Bella & John, early August 2016. A garden wedding, held at the bride's Edwardian family home in leafy north Oxford.
We merged apricots, creamy whites and green elements for the bride, soft fruity pinks for the bridesmaids. We used garden roses, a lot of them, with gathered summer bounty from our cutting garden and masses of scented herbs.
Our set-up shots are always dominated by these ghastly looking Dutch buckets, but they are so indispensable. Would somebody invent a beautiful, stylish alternative? There must be a way.
A large garden arch was constructed for the ceremony which took place in the orchard at the bottom of the garden. We used foraged branches in all shades of green - some dark, some lime, some olive - with wild grasses, wild carrot, scabious and lysimachia from a local farm spun together to create an organic fringe to frame the vows and readings.
It was a beautiful day, clear, bright, glassy light that diffused through the branches of the apple trees in the garden and created pools of dancing shadows under the strung lights. We collaborated with Oxford based garden designer Robert Moy, who loaned us some beautiful Tuscan Impruneta olive jars and pots, cypresses, olive trees and palms that we styled to create boundaries and entrances to the marquee, the bar that had been set up in the glass conservatory, and the aisle that led down through the orchard.
As we set up the arch, early that still morning, a male soloist warmed up for the ceremony with the spine-tingling aria O bio bambino caro. Puccini, warm sunlight and branches scattered with olives, it was like being in Italy rather than England, small children and a lurcher playing between the pews, tablecloths being laid, glasses polished.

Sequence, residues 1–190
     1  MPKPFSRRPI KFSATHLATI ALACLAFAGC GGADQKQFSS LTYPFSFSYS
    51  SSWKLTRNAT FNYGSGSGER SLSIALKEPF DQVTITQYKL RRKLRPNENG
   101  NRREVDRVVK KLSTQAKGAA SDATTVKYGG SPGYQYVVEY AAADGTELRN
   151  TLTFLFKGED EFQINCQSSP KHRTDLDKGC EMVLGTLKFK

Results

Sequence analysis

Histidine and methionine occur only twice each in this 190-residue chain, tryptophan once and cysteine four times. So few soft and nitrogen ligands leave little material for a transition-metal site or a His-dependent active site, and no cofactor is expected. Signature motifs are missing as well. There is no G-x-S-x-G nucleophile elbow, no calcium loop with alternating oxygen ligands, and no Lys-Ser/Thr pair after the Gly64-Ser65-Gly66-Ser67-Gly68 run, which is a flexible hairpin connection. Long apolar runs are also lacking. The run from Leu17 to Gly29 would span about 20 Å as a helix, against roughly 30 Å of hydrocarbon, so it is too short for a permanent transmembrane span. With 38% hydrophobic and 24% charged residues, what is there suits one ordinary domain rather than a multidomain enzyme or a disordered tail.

There is a particular atmosphere, setting up for a wedding, that I have come to love. Everyone is in a good mood, familial, collaborative, each getting on with their respective jobs to make everything beautiful as it can possibly be.
For the groom and ushers, a just-opened rose bud, rose-scented geranium leaves, lemon thyme from my garden and little sprigs of wax flower tied with a pale blue cotton ribbon.
Ten minutes before the ceremony, guests seated below, I went upstairs to give Bella her bouquet. Garden roses, cosmos, scabious, apple mint, geranium, nigella, lysimachia, larkspur, sweetpeas and jasmine. Two different widths and lengths of grosgrain ribbon in ballerina shades of nude and peach. As she came down the staircase, all dewy skin and wide smiles, an exquisite veil streamed behind her and in the kindling-hot afternoon air you could smell the heady perfume of the apple mint mingling with the roses.
The marquee decorations were inspired by the John Singer Sargent painting Carnation, Lily, Lily, Rose with glowing paper lanterns strung from the awnings and tall spectral lilies behind in a deep arrangement of potted garden plants arranged by the family. I can only imagine how effective this must have been as that magical day turned to evening and then a starry midsummer's night, the warm glow of the lanterns suspended like moons in the dark, candlelight flickering below, the intoxicating scent of those lilies.
Bella's dress was a mist of silk chiffon and lace panels, pleated down through the skirt so that it swam about her ankles in a pale froth, like a Ginger Rogers gown, met by the long veil, little diamond drop earrings, a simple bracelet and that fluffy, ruffly bouquet of roses. She was a sight for sore eyes. Jess, always on hand with a camera in the right place at the right time, just captured the moment where Bella reached the aisle with her father and caught sight of her future husband waiting for her. Not a dry eye in the house. Congratulations, Bella and John. We wish you many, many happy moons together!